|ASSOCIATION CANADIENNE DES
PHYSICIENS ET PHYSICIENNES
PRESS RELEASE / FOR IMMEDIATE RELEASE
1999 CAP-CRM PRIZE
in Theoretical and Mathematical Physics
PROFESSOR DAVID J. ROWE
"I am deeply honoured to follow the four very distinguished previous winners of this award."
Ottawa, May 14th, 1999 - The Canadian Association of Physicists (CAP) and the Centre de recherches mathématiques (CRM) are pleased to announce that the 1999 CAP-CRM Prize in Theoretical and Mathematical Physics will be awarded to David J. Rowe, Professor at the University of Toronto for developing a microscopic foundation for the models and theories of nuclear collective states by the application of elegant techniques from group theory and mathematical analysis.
Together with his students and associates, Dr. David J. Rowe has been able to develop a detailed picture of important system, based on the underlying properties of the protons and neutrons that form the nucleus. In doing so, he also developed a number of new mathematical tools that have used to explain other classes of phenomena.
Rowe's research has introduced many techniques of modern mathematics into physics, a strategy that allowed him to make significant steps in the development of modern nuclear theory. Understanding the atomic nucleus has been considered an intractible problem, as it involves simultaneously describing the behaviour of hundreds of particles, all interacting strongly under the force that binds together the nucleus. Rowe's contributions have enable us to view this system as literally a fluid, albeit one with unusual properties. The mathematical techniques he has introduced have found application in many other areas of physics, especially in those cases where the underlying patterns or symmetries of the system change. Rowe's impact on theoretical physics has therefore extended far beyond the original scope of his work on the structure of the atomic nucleus.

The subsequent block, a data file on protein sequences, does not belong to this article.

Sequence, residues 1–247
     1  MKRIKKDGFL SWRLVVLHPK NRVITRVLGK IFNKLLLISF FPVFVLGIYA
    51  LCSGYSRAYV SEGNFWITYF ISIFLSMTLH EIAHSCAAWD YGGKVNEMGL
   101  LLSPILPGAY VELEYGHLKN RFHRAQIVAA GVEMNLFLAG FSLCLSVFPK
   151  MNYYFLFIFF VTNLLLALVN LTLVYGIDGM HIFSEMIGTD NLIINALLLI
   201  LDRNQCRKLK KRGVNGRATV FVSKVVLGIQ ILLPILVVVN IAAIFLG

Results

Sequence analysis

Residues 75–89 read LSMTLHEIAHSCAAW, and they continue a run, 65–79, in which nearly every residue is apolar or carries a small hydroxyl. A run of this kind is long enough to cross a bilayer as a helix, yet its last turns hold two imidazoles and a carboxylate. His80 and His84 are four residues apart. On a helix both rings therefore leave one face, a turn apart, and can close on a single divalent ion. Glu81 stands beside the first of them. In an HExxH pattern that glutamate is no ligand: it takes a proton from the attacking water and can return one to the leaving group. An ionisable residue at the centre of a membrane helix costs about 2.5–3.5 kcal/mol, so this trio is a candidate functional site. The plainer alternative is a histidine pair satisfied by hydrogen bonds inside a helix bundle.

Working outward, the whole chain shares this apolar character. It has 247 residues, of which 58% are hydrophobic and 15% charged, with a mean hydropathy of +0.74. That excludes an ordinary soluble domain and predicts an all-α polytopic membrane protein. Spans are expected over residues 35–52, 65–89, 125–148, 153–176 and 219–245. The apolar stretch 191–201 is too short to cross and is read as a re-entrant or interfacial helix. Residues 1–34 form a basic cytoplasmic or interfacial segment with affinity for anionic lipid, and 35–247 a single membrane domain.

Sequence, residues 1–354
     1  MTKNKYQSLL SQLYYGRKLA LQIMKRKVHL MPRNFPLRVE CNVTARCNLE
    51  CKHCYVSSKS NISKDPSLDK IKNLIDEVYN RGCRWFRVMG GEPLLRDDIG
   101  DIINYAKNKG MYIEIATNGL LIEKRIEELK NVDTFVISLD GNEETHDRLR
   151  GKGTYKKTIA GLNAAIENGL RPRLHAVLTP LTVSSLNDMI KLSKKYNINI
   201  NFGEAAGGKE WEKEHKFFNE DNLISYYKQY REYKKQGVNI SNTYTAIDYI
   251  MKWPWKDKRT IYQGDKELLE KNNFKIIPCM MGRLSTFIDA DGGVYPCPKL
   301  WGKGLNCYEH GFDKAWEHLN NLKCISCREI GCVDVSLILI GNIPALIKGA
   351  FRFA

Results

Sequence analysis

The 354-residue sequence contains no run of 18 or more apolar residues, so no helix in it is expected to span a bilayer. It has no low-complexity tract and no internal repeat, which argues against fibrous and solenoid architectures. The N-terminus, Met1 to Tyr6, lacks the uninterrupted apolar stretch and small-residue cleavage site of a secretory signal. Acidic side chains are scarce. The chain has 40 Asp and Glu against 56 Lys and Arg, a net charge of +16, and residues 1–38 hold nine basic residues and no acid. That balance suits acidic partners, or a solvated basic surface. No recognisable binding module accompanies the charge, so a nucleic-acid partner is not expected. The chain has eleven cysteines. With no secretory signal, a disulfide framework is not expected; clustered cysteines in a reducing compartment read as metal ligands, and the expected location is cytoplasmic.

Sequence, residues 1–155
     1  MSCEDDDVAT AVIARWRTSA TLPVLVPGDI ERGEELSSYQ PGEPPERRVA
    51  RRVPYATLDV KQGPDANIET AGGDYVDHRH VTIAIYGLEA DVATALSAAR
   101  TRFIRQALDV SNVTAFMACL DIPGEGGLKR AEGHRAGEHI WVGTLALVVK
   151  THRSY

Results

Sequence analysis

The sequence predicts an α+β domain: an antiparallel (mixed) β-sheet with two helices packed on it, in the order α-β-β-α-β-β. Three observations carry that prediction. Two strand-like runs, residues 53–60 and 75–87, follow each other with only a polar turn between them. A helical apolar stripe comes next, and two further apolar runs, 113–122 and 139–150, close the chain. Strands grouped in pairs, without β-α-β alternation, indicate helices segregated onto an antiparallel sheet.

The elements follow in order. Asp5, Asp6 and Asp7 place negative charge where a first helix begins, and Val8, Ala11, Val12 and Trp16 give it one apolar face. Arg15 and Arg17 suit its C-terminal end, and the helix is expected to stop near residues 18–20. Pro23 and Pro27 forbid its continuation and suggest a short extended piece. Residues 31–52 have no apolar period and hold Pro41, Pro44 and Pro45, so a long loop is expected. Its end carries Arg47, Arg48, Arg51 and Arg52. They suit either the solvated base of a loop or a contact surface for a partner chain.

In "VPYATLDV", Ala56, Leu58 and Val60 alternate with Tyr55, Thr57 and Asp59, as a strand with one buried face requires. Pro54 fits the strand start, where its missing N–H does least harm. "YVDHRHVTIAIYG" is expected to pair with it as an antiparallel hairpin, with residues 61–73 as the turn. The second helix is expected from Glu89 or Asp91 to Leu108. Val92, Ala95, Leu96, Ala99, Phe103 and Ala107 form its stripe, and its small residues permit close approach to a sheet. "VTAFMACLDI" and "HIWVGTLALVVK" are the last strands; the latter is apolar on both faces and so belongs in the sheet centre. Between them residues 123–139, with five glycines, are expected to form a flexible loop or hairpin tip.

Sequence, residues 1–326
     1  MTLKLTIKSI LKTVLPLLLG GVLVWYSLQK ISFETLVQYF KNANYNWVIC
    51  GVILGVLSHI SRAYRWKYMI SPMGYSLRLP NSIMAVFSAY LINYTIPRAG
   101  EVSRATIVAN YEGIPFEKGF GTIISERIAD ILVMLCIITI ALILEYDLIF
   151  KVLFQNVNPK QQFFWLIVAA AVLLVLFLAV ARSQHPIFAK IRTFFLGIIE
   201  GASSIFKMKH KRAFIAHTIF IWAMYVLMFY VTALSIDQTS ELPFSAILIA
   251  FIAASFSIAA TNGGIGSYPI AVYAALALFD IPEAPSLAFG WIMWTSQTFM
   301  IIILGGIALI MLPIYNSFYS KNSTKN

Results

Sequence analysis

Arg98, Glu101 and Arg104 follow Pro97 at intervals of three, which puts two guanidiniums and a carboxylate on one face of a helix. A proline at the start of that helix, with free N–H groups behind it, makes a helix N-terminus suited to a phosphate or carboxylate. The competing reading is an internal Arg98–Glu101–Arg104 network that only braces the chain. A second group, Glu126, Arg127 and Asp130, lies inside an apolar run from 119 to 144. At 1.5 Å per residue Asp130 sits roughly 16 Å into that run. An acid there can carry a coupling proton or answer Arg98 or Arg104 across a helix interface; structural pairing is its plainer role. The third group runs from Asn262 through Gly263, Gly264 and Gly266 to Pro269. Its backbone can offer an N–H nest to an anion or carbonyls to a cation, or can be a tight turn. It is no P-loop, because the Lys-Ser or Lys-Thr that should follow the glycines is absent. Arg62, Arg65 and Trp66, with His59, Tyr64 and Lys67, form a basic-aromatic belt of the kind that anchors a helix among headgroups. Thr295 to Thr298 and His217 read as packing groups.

Prof. Rowe received B.A.s in 1959 from Cambridge University and Oxford University. In 1962, he obtained his M.A. from Oxford University as well as a D.Phil (Thesis: ‘Studies of Nuclear Structure using Medium Energy Protons'). After spending a year as a lecturer at a Royal Air Force Radio School, Dr. Rowe worked as a Ford Foundation Fellow at the Neils Bohr Institute followed by a three years with the Atomic Energy Research Establishment (Harwell). He was a Research Associate at the University of Rochester from 1966-68 and joined the faculty at the University of Toronto as an Associate Professor in 1968. He became full Professor in 1974. He was elected a Fellow of the Royal Society of Canada in 1986.
Dr. Rowe has received a number of honours, including an A. P. Sloan Fellowship (1972), the Rutherford Memorial Medal (1983) of the Royal Society of Canada, Fellowship in the Royal Society of Canada (1986) and an Isaac Walton Killam Senior Research Fellowship from 1990-92.
The annual CAP-CRM Prize in Theoretical and Mathematical Physics was first introduced in 1995. Dr. Rowe will receive the 1999 Prize during the CAP's awards banquet to be held at the University of New Brunswick on June 8th, 1999.
The Canadian Association of Physicists, founded in 1945, is a professional association representing over 1600 individual physicists and physics students in Canada, the U.S. and overseas, as well as a number of Corporate and Departmental Members. In addition to its learned activities, the CAP also undertakes a number of activities intended to encourage students to pursue a career in physics.
The Centre de recherches mathématiques is a national research centre in mathematics and theoretical physics jointly supported by the federal government, the province of Quebec, and the Université de Montréal where it is based. Among the activities of the CRM are thematic years, summer schools, workshops, seminars, and the publication of monographs, proceedings, and lecture notes in mathematics and physics.
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For more information, please contact:
Canadian Association of Physicists
Tel: (613) 562-5614 Fax: (613) 562-5615
or Centre de recherche mathématiques
Tel: (514) 343-7501 Fax: (514) 343-2254
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